The Main Group is the largest of the three groups, and is located in the northwest of the chain. It includes the group's largest island, Depot Island, which is around 700 metres in length and 400 metres across at its widest point. Proclamation and Tunnel Islands are separated from Depot Island by only a narrow cleft, and are joined to it at low tide. A small islet off the north coast of this group's Spider Island is the chain's northernmost point; the westernmost point is the western tip of Penguin Island.[14]

The Centre Group is located some 1.5 to 2 kilometres to the southeast of the Main Group, and contains three main islands, arrayed in a north–south line. A smaller islet lies immediately to the west. The northernmost of the Centre Group, Funnel Island, contains the chain's highest point, at 73 m (240 ft) above sea level.[15] A further 1.5 kilometres to the east is the East Group, which is also arrayed roughly in a north–south line. The largest island in this group, Molly Cap, is the group's southernmost island, and contains the chain's second-highest point, 70 m (230 ft) above sea level. This group contains two large islets and one small islet, along with several reefs and stacks, one of which is the easternmost point in the chain.[14]


The following table includes named islands according to Land Information New Zealand.[2]

Location Area
Depot Island 13.0 Main
Ruatara Island 5.5
Penguin Island 5.1
Lion Island 4.8
Spider Island 4.7
Proclamation Island 3.4
Tunnel Island 1.7
Ranfurly Island 1.4
Skua Rock 0.7
Seal Rock 0.5
unnamed 0.2
Dog Rock 0.2
Main Group 41.2
Funnel Island 2.7 Centre
Prion Island 1.2
Castle Island 0.7
Coronet Island 0.3
Centre Group 5.0
Molly Cap 2.4 East
North Rock 0.9
Con Island 0.4
East Group 3.9

See also[edit]


  1. ^ The Department of Conservation (New Zealand) gives a "total land mass" of 1.35 km2[1] while Land Information New Zealand gives both 1.35 km2 or 0.5 km2 depending on the dataset.[2][3]


  1. ^ "Bounty Islands". Retrieved 7 February 2024.
  2. ^ a b "NZ Primary Parcels". Retrieved 7 February 2024.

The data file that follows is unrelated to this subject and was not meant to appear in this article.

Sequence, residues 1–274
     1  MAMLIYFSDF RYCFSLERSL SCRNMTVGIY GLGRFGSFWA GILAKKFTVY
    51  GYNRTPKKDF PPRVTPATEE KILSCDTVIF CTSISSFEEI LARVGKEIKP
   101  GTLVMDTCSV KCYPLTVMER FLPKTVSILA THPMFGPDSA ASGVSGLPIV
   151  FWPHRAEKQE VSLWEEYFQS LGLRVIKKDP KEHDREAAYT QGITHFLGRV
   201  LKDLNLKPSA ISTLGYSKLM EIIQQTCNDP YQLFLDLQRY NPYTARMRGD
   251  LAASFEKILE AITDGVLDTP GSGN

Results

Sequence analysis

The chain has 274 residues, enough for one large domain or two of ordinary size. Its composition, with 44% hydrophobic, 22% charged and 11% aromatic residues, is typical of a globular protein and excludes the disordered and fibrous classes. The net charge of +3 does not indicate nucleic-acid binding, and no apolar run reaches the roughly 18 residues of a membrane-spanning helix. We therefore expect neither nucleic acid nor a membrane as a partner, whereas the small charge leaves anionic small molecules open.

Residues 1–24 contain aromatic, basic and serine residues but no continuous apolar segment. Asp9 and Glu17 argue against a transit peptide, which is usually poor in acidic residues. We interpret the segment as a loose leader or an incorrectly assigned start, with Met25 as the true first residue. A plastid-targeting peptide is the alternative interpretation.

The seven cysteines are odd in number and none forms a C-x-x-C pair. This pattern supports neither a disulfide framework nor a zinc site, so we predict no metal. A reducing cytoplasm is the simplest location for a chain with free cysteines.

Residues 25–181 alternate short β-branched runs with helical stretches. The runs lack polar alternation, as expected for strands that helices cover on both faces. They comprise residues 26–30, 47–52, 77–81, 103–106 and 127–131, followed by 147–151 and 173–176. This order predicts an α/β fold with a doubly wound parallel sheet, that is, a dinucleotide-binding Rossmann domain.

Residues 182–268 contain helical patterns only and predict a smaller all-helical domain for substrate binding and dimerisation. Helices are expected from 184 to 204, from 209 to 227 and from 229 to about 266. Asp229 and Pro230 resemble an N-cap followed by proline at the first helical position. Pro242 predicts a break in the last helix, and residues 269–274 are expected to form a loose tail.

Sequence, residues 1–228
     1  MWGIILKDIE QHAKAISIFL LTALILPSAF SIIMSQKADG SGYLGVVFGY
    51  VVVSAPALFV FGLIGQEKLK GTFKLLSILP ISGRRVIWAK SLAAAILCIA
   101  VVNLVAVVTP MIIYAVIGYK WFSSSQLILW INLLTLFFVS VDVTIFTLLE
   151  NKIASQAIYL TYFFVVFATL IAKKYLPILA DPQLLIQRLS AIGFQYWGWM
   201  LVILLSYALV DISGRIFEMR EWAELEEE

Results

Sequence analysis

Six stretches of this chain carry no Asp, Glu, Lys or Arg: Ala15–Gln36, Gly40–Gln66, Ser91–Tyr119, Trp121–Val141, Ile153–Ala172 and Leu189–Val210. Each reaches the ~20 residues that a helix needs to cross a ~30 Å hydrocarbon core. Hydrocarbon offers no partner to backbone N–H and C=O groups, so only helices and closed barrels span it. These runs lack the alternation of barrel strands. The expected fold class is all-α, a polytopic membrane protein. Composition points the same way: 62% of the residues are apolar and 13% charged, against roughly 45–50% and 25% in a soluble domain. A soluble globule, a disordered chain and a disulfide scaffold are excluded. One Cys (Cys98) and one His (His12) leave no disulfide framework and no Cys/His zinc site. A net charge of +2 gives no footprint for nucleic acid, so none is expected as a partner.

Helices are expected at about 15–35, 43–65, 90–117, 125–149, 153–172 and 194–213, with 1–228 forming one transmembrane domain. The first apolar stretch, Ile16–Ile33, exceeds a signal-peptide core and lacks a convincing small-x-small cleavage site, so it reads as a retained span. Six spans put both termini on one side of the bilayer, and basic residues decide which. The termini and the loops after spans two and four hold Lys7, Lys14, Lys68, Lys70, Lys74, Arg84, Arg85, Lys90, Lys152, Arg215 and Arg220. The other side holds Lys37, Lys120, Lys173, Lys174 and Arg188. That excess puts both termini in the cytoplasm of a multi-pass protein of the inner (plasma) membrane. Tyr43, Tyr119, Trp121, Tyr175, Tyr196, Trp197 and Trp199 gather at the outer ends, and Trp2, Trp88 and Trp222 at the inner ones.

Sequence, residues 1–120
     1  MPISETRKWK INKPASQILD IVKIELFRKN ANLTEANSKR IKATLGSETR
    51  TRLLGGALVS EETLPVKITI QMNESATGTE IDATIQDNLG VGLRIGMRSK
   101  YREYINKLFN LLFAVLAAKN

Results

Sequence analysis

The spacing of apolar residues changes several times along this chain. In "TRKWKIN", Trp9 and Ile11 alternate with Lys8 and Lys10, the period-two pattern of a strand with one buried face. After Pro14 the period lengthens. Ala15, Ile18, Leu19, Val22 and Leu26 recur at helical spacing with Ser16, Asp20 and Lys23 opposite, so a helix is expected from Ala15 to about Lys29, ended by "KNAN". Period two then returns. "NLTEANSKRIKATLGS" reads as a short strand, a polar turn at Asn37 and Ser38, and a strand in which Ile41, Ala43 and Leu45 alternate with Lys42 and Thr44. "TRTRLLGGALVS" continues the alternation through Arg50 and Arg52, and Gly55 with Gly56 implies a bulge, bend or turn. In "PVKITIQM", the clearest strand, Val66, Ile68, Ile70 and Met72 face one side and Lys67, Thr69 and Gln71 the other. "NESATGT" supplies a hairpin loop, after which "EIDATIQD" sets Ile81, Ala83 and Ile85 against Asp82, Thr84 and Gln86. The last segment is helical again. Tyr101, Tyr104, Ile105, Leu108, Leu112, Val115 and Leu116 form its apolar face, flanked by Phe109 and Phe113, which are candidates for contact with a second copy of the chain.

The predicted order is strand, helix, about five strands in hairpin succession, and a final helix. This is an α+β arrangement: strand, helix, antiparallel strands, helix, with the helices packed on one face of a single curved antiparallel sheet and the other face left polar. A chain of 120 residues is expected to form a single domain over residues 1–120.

3. ^ "Protected Areas". Retrieved 7 February 2024.
  4. ^ New Zealand Sub-Antarctic Islands. (27 June 2013). Retrieved 2 August 2013.
  5. ^ "Shipping," Lyttelton Times, Volume XXV, Issue 1609, 9 February 1866, Page 2
  6. ^ "Proclamation," Otago Daily Times, Issue 2680, 8 September 1870, Page 2
  7. ^ "Bluff Harbour," Southland Times, Issue 3773, 26 July 1880, Page 2
  8. ^ "The missing boats crew," Hawke's Bay Herald, Volume 12, Issue 918, 18 February 1868, Page 3
  9. ^ "The SS Hinemoa's trip," Press, Volume XLIII, Issue 6397, 22 March 1886, Page 2
  10. ^ "The SS Stella's Visit to the Islands," Evening Post, Volume XXXIII, Issue 71, 25 March 1887, Page 3
  11. ^ "The Hinemoa's Cruise," Oamaru Mail, Volume XVI, Issue 5125, 7 November 1891, Page 3
  12. ^ [1]. 'Radio New Zealand Going on a spider hunt'. Retrieved 3 December 2016 3:00 pm
  13. ^ BirdLife International. (2012). Important Bird Areas factsheet: Bounty Islands. Downloaded from "BirdLife International - conserving the world's birds". Archived from the original on 10 July 2007. Retrieved 17 August 2013. on 27 January 2012.
  14. ^ a b NZMS 272/1+5 (1981) "Snares Islands and Bounty Islands", Wellington:NZ Government Department of Lands and Surveys.
  15. ^ ""New Zealand offshore islands maps – BI01 Bounty Islands"". Land Information New Zealand. 2 October 2017. Retrieved 27 August 2019.